May 14, 1941 saw the release of a new anthology called Police Comics, from a publisher known as Quality Comics. It starred a guy in a sheer pink blouse named Firebrand, but it was one of the backup features that would become Quality's biggest hit. You already read the headline, so you know I'm talking about Plastic Man. The book also introduced Phantom Lady, who would later be known for the way her costume was drawn, and the Human Bomb, who stuck around for a long time by hanging out with cooler heroes.
But Plastic Man was in a league of his own. From that first story, which tells his origin, the work of writer/artist Jack Cole elevated Plastic Man above almost everything that was happening in comics at the time. Even at Quality, which had uncommonly good art for the era, Cole's work stood out like it was from the future.
This week at Comixology, they're celebrating the 75th anniversary of Plastic Man's debut in Police Comics by offering up a sale on comics from throughout his history. It's an interesting bunch of comics, and unlike a lot of characters who get the spotlight in a sale like this, Plastic Man has had few enough appearances that, while it's certainly not complete, it's definitely pretty comprehensive, covering everything from his Golden Age appearances all the way up to last year's Convergence.
But with so much to choose from, you may find yourself in need of a guide, so as always, I'm here to tell you exactly what to buy --- and you can start by picking up every issue of Kyle Baker's Plastic Man ongoing series from 2003.
Q: Aside from laying groundwork, most Golden Age stuff I've read is not very good. Are there any must-reads from the era? -- @TheKize
A: Listen, if you're having trouble getting into Golden Age books, I do not blame you. I've read my fair share of them over the years, and while I definitely think it's worth tracking down some of those early superhero comics if you're looking to broaden your horizons a little bit, I'll be the first to tell you that they can be hard to get into for a variety of reasons --- and as you said, chief among them is the fact that a lot of those old comics are just not very good.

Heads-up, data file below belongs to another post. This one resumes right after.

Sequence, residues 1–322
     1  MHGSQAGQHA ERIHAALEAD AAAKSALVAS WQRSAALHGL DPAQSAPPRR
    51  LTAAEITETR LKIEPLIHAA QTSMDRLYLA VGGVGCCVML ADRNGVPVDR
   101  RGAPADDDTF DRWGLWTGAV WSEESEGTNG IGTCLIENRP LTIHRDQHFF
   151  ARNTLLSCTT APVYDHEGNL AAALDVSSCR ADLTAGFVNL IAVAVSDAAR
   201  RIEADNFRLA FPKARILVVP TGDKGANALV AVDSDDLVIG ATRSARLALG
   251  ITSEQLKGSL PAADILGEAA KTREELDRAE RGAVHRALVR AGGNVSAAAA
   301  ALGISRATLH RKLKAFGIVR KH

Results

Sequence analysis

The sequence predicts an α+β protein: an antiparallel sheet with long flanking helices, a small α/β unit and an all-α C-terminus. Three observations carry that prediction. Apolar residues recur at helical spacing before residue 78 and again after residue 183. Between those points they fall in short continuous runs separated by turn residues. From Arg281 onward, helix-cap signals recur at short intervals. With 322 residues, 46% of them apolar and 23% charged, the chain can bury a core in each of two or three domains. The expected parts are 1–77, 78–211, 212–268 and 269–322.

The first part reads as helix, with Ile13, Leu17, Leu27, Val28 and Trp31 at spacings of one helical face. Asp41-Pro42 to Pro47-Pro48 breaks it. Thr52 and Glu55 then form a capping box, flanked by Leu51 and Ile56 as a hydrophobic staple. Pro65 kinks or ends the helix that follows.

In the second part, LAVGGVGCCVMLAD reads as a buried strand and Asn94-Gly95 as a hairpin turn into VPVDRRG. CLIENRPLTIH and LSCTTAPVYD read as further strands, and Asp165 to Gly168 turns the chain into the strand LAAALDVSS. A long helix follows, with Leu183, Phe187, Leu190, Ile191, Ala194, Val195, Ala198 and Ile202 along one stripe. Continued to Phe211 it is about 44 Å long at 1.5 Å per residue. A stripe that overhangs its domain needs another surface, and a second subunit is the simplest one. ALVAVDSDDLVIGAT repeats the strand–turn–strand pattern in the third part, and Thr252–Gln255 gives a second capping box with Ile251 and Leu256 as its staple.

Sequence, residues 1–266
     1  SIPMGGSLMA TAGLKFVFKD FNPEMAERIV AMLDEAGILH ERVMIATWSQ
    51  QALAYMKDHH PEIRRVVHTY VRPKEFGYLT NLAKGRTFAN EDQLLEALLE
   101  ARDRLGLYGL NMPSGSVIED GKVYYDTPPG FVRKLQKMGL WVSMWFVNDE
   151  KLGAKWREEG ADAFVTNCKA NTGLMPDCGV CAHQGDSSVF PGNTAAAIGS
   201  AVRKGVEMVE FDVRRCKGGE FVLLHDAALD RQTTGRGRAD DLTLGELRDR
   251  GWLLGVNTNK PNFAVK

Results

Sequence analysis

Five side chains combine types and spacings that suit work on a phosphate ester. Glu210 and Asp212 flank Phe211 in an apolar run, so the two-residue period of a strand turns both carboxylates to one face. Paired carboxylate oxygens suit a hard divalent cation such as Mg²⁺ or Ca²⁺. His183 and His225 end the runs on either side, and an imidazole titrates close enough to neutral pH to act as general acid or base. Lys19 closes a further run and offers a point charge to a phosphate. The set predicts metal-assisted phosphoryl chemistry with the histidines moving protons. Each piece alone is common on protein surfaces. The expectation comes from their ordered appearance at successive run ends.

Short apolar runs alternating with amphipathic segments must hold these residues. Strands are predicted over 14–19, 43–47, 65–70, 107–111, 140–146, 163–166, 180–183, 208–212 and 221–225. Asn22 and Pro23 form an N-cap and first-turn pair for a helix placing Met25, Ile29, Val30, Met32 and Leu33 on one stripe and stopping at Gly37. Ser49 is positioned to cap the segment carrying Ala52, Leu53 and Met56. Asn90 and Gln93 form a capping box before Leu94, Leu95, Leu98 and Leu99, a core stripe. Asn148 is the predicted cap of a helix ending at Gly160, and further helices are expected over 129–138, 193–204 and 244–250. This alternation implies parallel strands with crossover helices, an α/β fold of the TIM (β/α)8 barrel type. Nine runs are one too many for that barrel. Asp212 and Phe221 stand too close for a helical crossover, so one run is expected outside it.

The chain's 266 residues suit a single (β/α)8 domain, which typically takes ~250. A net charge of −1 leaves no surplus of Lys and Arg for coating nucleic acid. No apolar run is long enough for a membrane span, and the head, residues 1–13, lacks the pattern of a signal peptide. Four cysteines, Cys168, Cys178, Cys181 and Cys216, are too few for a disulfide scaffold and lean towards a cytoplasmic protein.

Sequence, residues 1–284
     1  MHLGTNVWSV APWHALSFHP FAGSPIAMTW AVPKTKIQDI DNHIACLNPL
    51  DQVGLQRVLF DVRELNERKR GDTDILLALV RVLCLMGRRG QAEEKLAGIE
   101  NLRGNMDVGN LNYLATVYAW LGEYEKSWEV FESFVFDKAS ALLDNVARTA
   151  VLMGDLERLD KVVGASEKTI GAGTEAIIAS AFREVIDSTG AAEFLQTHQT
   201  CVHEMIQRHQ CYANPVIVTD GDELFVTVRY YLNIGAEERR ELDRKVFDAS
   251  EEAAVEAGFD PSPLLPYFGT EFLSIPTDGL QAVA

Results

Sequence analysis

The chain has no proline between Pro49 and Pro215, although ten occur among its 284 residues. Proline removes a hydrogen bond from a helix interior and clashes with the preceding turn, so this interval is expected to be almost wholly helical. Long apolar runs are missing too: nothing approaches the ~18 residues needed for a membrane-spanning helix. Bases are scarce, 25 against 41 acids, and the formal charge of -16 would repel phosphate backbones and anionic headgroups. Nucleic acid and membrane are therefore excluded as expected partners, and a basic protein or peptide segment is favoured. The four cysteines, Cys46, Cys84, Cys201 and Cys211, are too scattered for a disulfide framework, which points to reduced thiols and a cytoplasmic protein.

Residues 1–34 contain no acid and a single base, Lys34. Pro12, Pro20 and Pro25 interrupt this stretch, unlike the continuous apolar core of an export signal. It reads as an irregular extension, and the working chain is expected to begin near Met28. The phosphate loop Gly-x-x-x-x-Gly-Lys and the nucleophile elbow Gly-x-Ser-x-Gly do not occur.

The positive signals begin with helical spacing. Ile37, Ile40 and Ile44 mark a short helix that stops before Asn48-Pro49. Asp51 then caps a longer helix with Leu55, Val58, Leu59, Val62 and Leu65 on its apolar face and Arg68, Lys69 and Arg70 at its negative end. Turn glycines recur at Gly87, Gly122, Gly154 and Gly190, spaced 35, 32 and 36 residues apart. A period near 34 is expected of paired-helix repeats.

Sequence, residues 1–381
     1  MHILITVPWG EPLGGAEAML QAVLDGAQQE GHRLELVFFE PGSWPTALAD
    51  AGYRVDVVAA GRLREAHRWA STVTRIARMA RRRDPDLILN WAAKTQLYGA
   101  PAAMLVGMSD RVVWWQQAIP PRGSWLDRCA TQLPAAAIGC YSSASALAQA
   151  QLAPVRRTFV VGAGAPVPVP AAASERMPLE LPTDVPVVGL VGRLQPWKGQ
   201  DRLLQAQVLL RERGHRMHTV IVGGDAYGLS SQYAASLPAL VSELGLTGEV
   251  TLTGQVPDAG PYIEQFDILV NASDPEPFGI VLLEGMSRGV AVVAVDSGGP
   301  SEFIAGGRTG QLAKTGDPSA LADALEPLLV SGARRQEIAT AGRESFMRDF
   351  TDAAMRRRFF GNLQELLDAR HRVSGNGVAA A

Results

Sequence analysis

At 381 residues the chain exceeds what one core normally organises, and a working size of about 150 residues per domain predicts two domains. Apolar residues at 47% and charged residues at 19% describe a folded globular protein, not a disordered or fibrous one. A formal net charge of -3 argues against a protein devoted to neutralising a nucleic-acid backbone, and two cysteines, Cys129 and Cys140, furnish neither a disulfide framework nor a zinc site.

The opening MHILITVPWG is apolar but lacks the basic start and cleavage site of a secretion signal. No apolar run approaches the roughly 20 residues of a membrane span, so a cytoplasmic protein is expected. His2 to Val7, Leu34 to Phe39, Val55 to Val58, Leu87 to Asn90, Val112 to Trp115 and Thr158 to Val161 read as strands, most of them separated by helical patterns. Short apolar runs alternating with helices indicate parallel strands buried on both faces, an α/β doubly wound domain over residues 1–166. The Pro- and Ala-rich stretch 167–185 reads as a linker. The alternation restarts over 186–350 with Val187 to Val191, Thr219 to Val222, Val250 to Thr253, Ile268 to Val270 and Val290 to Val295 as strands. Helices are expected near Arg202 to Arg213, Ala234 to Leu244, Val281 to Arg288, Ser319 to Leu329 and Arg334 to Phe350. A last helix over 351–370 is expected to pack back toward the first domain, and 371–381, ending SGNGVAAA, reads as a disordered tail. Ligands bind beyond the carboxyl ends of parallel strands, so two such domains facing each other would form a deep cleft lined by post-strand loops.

Of course, you could say that about pretty much any era of comics and you wouldn't be far off from the truth. More than that, though, I think there's a big barrier that keeps the average reader from getting into those comics, and it has a lot to do with when, how, and why those comics were being made.
For a modern reader, the comics of the Golden Age — those superhero comics that came out between the late '30s and early '50s — are not always the most accessible reads. The clunky exposition, crude art, and formulaic plots of many of these comics often fail to impress fans more familiar with comics that appear on the surface to be more sophisticated.
However, the comics of Jack Cole — born on this day in 1914 — do not fit this description. Cole's magnum opus, his nearly decade-long run as writer/artist on his creation, Plastic Man, was easily twenty years ahead of its time and feels just as fresh today as it did in the '40s.
While we at ComicsAlliance tend to focus our world-weary minds on the more imaginative, awe-inspiring and perhaps childish material produced in the comics medium, the art form has of course been the conduit through which far more subversive, humorous and tantalizing statements have been made...
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